The countries of the European Union (EU) are determined to give a new impulse to protect its borders already fight against extremism after the latest attacks in France and Austria, which have put terrorism at the top of the European political agenda again.
This Friday, five years after the attacks on the Bataclan room and other points in Paris, the EU Interior Ministers participated in a videoconference in which they adopted a statement condemning the attacks and underlining “unity and solidarity” of the countries in that fight.
“It is a strong sign that we are in this together”German Interior Minister Horst Seehofer, whose country chairs the EU Council this semester, told a press conference.
The objective is to complete the measures on which work has already begun, but also to implement new ones, for example in the field of encrypted communications used by terrorists.
For her part, the European Commissioner for the Interior, Ylva Johansson, announced after the meeting that it plans to present on December 9 a new agenda against terrorism in the EU.
At the end of November, the commissioner added, the first forum will be held to discuss how to strengthen the Schengen area of free movement and in May 2021 Brussels will propose a strategy in this regard.
The declaration of the ministers affects the “long and hard road” who have had to travel the European countries until recognize freedom of religion and underlines the need to combat, through the rule of law, extremist attempts to destroy that principle.
Sources from the Spanish Ministry of the Interior admitted that the initial draft included an explicit reference to Islam, which ultimately does not appear in the adopted text, because Spain and other countries believed it preferable not to appear.
The goal, sources said, is fight any kind of terrorism and make clear respect for all religions.
The statement says verbatim: “Our fight against terrorism is not directed against any religious or political belief, but against fanatic and violent extremism.”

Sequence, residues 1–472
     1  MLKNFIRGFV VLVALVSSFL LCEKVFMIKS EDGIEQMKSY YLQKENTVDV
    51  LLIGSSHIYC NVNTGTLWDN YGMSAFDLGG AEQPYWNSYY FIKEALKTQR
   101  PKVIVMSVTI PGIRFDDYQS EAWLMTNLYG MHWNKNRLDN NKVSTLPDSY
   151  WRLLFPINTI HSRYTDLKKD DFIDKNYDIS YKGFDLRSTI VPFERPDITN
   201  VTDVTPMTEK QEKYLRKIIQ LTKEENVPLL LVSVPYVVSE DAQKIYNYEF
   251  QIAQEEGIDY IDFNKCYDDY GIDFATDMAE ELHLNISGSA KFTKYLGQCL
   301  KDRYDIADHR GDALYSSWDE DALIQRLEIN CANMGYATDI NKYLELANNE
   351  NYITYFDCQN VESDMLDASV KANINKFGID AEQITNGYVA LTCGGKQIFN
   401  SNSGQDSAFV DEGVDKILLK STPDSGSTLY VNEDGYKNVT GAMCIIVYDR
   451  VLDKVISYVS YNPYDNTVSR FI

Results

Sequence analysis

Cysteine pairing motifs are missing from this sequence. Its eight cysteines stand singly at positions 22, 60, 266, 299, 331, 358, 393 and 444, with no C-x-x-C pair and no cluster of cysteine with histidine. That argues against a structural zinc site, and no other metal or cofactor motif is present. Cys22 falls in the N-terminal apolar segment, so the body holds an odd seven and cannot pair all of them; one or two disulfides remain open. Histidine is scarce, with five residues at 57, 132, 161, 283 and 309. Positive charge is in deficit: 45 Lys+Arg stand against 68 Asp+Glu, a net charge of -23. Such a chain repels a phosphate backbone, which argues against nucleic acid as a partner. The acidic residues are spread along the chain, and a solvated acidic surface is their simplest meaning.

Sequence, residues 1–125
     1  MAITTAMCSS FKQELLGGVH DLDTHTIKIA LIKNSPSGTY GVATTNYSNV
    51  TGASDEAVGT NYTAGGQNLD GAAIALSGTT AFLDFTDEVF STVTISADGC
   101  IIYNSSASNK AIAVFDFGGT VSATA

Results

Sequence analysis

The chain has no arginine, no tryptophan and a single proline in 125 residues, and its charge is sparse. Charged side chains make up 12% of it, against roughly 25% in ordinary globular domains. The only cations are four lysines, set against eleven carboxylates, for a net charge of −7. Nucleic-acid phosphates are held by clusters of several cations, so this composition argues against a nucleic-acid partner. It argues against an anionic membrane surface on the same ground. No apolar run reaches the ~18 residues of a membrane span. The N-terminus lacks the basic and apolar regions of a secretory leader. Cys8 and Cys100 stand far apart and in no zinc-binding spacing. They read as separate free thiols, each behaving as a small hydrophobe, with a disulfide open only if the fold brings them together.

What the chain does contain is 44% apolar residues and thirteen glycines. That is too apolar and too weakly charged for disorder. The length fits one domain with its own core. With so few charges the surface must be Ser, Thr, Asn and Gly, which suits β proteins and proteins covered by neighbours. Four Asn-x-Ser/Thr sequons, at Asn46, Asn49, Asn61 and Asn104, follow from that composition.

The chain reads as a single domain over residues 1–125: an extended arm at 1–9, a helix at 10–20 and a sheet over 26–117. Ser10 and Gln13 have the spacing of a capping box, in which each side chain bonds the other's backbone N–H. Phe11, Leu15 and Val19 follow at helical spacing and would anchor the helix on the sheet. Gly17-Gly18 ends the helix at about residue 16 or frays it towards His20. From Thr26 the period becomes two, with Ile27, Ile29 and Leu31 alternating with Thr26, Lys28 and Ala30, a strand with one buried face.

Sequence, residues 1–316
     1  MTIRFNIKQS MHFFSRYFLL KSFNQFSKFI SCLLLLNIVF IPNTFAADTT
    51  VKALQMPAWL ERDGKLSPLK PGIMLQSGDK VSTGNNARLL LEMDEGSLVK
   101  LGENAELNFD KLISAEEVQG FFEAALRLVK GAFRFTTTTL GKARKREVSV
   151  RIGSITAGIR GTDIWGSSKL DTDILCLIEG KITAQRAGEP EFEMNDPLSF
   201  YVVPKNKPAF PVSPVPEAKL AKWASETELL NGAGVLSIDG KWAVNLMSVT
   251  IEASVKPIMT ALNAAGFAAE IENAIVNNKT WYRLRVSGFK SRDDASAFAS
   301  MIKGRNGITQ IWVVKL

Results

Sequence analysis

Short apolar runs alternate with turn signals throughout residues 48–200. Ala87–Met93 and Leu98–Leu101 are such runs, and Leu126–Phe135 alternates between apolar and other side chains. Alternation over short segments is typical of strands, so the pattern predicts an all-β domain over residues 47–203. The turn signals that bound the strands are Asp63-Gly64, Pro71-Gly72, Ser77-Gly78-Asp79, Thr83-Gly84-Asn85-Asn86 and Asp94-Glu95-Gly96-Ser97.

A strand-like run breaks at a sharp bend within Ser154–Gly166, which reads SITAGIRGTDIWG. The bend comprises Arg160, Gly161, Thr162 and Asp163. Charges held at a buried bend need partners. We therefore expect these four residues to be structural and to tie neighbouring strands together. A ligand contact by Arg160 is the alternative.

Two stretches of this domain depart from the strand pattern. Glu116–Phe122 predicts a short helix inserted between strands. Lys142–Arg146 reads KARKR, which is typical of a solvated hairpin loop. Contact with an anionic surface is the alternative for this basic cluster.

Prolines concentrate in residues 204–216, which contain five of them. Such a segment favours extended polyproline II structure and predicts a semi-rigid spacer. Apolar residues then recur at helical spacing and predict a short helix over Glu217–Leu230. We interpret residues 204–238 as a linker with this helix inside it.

In particular, the Commission is asked to support initiatives that help understand the root causes of extremism and advocates “promoting that religious education and training, preferably within the EU, is in line with European fundamental rights and values”.
In this context, the President of the European Council, Charles Michel, proposed this week to coordinate a training of magnets at the European level to avoid foreign influences.
The text emphasizes the need to improve the integration of immigrants and stresses that these efforts must go both ways: by the host countries, but also by the people who come from abroad.
“Violations of the democratic order and values of the European member states or their national laws must not be minimized or tolerated, regardless of what motivates them,” he says.
It also calls for denying public funding, both national and European, for organizations that do not act according to the rules and that support content that is contrary to fundamental rights and freedoms.
Strengthen the functioning of Schengen
“We must optimize the protection of our external borders, we have to know who enters and who leaves “, there must be more exchanges between countries on these data and on movements in the EU, said the German minister.
The ministers included a specific section to underline the need to exchange data on people who pose a terrorist threat, since many of the attackers in recent years were already known to the authorities of some of the countries for their extremism.
They also stressed the need for prevent foreign fighters from entering the Schengen area undetected.
Guarantee the security
One of the areas where more can be improved is in police cooperation between countries, underlined Seehofer.
The states asked the Commission on Friday for a proposal to review Europol’s mandate, aimed at allowing data processing.
The EU has set out to “take systematic action to prevent radicalization in Europe” and avoid “all kinds of extremist propaganda, the preaching of violence “and the financing of hate and violent extremism.
He also wants “more efficient” measures against radicalization in prisons and in relation to the release of extremists and those convicted of terrorism.
“The Islamist attack on a teacher in France shows once again how important it is to combat illegal content ‘online’, terrorist propaganda, incitement to hatred and disinformation,” the text says.
He considers that social networks and other hosting service providers “have the responsibility to ensure that their services are not used for illegal activities that promote crime, terrorism or hatred “and trust that future regulations on Digital Services increase this responsibility, with sanctions and other measures.
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